Edwin La Fayette Hobson. [from the Richmond, Va., dispatch, November 17, 1901.]A Glowing tribute from an old commander.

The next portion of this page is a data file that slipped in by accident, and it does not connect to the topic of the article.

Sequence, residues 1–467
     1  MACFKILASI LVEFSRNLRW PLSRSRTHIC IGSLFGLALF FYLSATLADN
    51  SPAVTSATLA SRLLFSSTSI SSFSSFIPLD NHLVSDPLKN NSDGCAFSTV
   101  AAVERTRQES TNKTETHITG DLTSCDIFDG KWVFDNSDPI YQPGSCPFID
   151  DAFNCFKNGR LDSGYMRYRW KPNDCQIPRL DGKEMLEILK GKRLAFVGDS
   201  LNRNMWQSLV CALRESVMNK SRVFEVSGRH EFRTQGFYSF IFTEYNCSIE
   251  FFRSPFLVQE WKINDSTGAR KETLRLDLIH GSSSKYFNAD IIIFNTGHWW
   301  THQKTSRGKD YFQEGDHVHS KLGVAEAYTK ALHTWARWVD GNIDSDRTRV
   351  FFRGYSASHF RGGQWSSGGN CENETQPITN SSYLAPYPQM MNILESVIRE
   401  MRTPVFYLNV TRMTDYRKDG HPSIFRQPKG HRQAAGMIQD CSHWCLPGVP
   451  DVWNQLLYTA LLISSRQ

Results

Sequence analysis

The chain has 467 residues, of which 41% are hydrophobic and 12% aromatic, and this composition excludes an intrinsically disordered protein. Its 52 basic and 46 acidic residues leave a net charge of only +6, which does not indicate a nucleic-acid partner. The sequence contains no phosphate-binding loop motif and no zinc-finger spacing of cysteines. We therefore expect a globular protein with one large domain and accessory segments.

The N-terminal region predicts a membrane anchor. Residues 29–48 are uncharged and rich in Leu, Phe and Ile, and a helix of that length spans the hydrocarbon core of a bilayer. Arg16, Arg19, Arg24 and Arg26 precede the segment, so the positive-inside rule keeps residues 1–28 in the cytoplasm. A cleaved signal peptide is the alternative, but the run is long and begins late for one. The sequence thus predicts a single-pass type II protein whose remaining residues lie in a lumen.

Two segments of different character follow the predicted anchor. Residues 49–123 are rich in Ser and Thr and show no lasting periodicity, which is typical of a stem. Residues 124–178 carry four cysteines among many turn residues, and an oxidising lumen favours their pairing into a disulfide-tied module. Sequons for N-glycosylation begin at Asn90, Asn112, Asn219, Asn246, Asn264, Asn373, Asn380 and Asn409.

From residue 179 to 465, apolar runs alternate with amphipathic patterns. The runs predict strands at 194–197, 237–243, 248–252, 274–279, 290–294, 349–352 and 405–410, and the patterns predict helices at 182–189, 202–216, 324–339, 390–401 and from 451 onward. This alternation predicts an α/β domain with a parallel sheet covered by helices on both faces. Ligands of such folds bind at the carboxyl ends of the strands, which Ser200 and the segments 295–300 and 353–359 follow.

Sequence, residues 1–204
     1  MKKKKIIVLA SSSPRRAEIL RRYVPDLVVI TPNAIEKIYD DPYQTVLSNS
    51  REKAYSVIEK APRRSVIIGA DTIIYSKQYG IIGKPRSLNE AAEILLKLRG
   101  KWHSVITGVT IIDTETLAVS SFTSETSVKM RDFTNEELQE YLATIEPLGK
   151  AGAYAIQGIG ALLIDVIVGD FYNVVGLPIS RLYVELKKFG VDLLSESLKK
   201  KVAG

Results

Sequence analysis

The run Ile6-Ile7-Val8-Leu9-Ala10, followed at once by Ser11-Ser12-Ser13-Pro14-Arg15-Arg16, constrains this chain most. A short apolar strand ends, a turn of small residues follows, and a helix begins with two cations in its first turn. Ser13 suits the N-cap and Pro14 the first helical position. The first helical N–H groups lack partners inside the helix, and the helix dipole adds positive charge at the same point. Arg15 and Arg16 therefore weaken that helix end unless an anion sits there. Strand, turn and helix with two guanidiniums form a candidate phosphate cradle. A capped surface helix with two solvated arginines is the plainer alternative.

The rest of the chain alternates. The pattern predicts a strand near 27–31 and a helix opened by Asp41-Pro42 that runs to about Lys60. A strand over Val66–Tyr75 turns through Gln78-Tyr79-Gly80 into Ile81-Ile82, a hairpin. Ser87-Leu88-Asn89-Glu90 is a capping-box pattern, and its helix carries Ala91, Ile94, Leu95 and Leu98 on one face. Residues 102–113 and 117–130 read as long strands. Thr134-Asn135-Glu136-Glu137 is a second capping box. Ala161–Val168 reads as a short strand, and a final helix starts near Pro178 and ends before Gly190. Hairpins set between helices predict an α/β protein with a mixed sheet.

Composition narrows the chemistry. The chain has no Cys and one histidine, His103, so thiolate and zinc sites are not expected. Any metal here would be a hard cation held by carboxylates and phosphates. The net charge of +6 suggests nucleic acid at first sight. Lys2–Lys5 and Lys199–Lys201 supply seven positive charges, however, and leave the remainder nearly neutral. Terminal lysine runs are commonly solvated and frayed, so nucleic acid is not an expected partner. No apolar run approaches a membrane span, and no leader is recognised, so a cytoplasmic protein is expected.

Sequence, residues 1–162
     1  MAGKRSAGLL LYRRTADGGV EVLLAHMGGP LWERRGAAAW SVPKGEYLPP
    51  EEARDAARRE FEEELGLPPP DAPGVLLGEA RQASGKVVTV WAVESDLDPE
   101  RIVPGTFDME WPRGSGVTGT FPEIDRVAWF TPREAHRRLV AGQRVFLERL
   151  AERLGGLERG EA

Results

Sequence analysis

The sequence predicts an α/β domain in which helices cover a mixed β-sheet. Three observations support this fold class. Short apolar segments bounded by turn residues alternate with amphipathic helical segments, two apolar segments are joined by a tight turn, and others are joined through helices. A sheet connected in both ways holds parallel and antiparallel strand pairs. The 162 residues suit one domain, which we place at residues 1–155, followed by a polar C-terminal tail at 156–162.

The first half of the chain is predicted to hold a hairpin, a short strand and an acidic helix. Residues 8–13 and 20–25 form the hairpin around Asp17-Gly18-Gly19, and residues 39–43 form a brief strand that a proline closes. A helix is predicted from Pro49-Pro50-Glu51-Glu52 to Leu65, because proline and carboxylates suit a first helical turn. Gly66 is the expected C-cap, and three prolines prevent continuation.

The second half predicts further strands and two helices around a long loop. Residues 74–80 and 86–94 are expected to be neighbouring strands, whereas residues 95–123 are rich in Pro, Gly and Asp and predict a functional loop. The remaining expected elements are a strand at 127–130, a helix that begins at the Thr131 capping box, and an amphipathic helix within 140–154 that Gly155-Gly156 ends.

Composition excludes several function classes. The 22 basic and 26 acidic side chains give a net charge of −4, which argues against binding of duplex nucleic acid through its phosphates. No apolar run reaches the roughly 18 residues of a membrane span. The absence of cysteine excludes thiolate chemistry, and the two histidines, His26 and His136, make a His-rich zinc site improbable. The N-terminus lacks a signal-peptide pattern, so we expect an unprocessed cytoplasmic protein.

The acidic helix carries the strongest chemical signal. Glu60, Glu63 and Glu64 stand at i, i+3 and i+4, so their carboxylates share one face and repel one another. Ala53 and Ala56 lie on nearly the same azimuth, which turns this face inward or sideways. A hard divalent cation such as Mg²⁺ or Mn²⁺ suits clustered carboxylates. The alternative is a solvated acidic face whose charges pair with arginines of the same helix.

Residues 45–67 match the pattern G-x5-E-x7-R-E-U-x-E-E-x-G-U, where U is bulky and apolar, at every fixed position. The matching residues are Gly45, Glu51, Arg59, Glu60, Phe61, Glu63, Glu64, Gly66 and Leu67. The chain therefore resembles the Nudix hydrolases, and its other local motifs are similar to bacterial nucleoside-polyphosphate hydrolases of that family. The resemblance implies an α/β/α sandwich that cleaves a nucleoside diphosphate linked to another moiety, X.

To the Editor of the Dispatch:The Dispatch of the 10th of November announced the sudden death in your city of Colonel Edwin L. Hobson. Having been intimately associated with him during the war between the States, I  ask leave to speak of him through the columns of your most excellent paper. The Fifth Alabama Regiment was organized in the spring of 1861, with Robert E. Rodes, late Captain of the Warrior Guards, of Tuscaloosa, as its Colonel, and Edwin L. Hobson one of its subordinate officers. Very soon it was sent to Centreville, near Manassas, where it was organized into a brigade with the Sixth, Twelfth and Twenty-sixth Alabama regiments, and the Twelfth Mississippi, under the command of Robert E. Rodes, who had just been made a brigadier-general. The brigade, thus constituted, did effective service in the vicinity of Manassas, was conspicuous for gallantry at Williamsburg, and greatly distinguished at Seven Pines. Soon afterwards, about the time General Lee assumed command of the Army of Northern Virginia, the Twelfth Mississippi was transferred from Rodes' brigade, and its place taken by the Third Alabama, a splended regiment that had formerly belonged to Mahone's brigade. During the Seven Days battle around Richmond, the brigade was organized as follows, the commanders ranking in the order named: Twenty-sixth Alabama, Colonel E. A. O'Neal; Sixth Alabama, Colonel John B. Gordon; Fifth Alabama, Colonel J. M. Hall; Twelfth Alabama, Colonel B. B. Gale; Third Alabama, Colonel C. A. Battle. General Rodes and Colonel O'Neal having been wounded at Seven Pines, the command of the brigade in the Seven Days battles devolved on Colonel Gordon, and then and there he laid the foundation of his world-wide fame. In his report of these battles Colonel Gordon while paying merited compliment to Rodes' entire brigade, especially made honorable mention of Major Hobson, of the Fifth Alabama. At Boonesboro and Sharpsburg General Rodes was upon the field, and in his report of these engagements says: ‘While all the troops did well, I especially commend Colonel Gordon, Sixth Alabama, Major Hobson, Fifth Alabama, and Colonel Battle, Third Alabama, for highly meritorious conduct throughout the campaign.’ Very soon after the battle of Sharpsburg Gordon was promoted to brigadier-general, and assigned to a Georgia brigade. A little later Major-General D. H. Hill, who had commanded the division, was made lieutenant-general, and sent West, and Brigadier-General Rodes was assigned to the command of Hill's division, while E. A. O'Neal, as senior colonel, commanded Rodes' brigade. With the brigade thus organized, the battle of Chancellorsville was fought, and it was here that Hobson was shot down while gallantly leading  his regiment. At Gettysburg Colonel Battle was promoted to brigadier-general, and Rodes' brigade became Battle's brigade, the only change in its constitution being the transfer of the Twenty-sixth Alabama to the West, and the substitution of the Sixty-first Alabama in its stead. From this time forward Hobson was constantly under the eye of the writer. He was distinguished in the Wilderness campaign—especially so at the ‘Bloody Angle’ and second Cold Harbor. Battle's brigade was a part of Early's forces in the Valley, and participated in all the engagements of that memorable campaign. General Early gave it the honor of having saved the day in the enemy's first attack at Winchester on the 19th of September, when General Rodes was killed, and was succeeded by Major-General Ramseur. General Grimes, who assumed command of the division after the gallant Ramseur fell at Cedar Creek, on the 19th of October, in his report of that engagement, says: * * * ‘The order of march was as follows: Battle, Cook, Cox, Grimes. On arriving within half a mile of the Valley pike, Battle's brigade was formed parallel with the same, and moved forward in line of battle. The other brigades continued moving by the flank for about 300 yards, when they were faced to the left and ordered forward, changing direction to the right. Battle soon struck the Eighth corps of the enemy, and, charging gallantly, drove them in great confusion, but was himself seriously wounded while nobly leading his brigade, the command of which then devolved on Lieutenant-Colonel Hobson, Fifth Alabama. Cook and Cox continued to advance, swinging to the right, driving the enemy in their front, with but little resistance, for upward of half a mile. Cook captured several cannon, caissons, ammunition, wagons, etc. This movement left a wide interval between Cook's right and Battle's left, which was subsequently filled by Pegram's division. In the mean time, Grimes' brigade was recalled from the left and moved by the right flank through the abandoned camp of the Eighth corps, which had been completely routed; faced to the front and advanced to the pike, connecting with Battle's right. This projection was perfected about sunrise, the enemy being then in position on a small creek to the left of the pike, with their artillery on a high ridge in their rear, and firing into our line of battle, but the smoke and fog obscured the troops so that their fire was inaccurate. Here Major-General Ramseur had skirmishers thrown to the front and to the right, driving the sharpshooters of the enemy from Middletown. The division remained here perhaps  half an hour, until a battery was brought into position on the right of the pike, when General Ramseur again ordered an advance, which was made in good order and with a gallantry never exceeded. In this advance Battle's brigade charged a battery in its front, capturing, in addition to six guns, many prisoners and a flag.’ General Battle never sufficiently recovered from his wounds to enable him to return to the field, and Colonel Hobson remained in command of the brigade until the end, and surrendered it at Appomattox. I have known many men of character and renown, but I have never known one who more admirably combined the officer and the gentleman than did Edwin LaFayette Hobson. He was the flower of chivalry and the soul of honor.